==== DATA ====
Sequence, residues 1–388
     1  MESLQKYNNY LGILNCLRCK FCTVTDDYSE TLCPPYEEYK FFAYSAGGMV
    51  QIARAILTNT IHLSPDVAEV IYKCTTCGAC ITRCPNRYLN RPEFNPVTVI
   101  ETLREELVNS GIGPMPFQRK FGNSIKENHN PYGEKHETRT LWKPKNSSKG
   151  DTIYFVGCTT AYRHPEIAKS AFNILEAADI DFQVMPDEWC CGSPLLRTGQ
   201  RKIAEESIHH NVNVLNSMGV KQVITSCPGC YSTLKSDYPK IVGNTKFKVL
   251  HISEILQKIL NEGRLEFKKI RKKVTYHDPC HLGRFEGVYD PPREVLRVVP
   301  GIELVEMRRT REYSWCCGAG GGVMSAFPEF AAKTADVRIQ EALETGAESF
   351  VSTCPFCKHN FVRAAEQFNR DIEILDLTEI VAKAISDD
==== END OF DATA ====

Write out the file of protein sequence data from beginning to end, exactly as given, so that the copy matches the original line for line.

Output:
Sequence, residues 1–388
     1  MESLQKYNNY LGILNCLRCK FCTVTDDYSE TLCPPYEEYK FFAYSAGGMV
    51  QIARAILTNT IHLSPDVAEV IYKCTTCGAC ITRCPNRYLN RPEFNPVTVI
   101  ETLREELVNS GIGPMPFQRK FGNSIKENHN PYGEKHETRT LWKPKNSSKG
   151  DTIYFVGCTT AYRHPEIAKS AFNILEAADI DFQVMPDEWC CGSPLLRTGQ
   201  RKIAEESIHH NVNVLNSMGV KQVITSCPGC YSTLKSDYPK IVGNTKFKVL
   251  HISEILQKIL NEGRLEFKKI RKKVTYHDPC HLGRFEGVYD PPREVLRVVP
   301  GIELVEMRRT REYSWCCGAG GGVMSAFPEF AAKTADVRIQ EALETGAESF
   351  VSTCPFCKHN FVRAAEQFNR DIEILDLTEI VAKAISDD